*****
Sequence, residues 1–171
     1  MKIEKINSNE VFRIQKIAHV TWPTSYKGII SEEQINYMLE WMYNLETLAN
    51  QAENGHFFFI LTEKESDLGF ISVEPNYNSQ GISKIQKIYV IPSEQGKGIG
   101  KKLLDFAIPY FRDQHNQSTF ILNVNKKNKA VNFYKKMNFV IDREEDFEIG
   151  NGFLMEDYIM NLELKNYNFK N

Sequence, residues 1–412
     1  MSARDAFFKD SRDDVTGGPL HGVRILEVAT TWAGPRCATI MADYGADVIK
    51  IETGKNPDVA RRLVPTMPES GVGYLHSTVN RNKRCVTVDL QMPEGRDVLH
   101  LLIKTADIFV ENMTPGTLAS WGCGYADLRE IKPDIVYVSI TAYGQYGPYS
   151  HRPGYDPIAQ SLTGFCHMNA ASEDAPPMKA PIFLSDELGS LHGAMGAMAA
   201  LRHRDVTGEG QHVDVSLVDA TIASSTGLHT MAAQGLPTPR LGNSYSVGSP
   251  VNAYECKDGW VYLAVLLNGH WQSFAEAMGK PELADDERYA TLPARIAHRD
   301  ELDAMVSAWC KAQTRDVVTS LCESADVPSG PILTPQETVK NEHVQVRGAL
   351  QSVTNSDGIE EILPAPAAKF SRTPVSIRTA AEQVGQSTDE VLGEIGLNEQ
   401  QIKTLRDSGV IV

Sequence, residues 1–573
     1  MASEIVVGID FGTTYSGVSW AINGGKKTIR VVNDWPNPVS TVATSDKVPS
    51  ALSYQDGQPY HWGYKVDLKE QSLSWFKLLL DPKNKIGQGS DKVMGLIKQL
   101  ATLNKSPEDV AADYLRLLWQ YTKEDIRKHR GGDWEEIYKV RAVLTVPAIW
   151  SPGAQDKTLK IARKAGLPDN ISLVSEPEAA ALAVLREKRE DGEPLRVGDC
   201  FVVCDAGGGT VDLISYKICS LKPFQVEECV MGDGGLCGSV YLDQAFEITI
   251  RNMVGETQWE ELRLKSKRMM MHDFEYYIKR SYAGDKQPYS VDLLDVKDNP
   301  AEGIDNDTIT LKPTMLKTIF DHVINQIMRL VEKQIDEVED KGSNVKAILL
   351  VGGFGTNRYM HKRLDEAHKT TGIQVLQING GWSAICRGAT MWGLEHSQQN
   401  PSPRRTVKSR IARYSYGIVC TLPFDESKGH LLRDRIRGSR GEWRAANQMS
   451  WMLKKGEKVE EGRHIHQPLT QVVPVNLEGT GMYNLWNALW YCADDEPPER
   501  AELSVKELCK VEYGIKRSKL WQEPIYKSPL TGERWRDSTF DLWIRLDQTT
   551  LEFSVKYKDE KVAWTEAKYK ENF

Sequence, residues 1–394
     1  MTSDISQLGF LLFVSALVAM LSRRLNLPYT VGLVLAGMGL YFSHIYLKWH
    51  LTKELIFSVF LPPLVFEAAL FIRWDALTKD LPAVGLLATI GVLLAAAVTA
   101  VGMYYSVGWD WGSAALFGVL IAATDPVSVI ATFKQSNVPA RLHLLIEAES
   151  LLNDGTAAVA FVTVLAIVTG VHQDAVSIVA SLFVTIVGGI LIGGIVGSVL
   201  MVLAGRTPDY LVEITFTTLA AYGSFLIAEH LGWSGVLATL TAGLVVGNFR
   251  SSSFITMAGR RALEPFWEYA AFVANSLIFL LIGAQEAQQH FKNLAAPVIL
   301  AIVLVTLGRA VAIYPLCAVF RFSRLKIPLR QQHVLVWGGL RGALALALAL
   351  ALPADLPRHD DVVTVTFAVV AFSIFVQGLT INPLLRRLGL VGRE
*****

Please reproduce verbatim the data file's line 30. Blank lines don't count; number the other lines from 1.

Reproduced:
     1  MTSDISQLGF LLFVSALVAM LSRRLNLPYT VGLVLAGMGL YFSHIYLKWH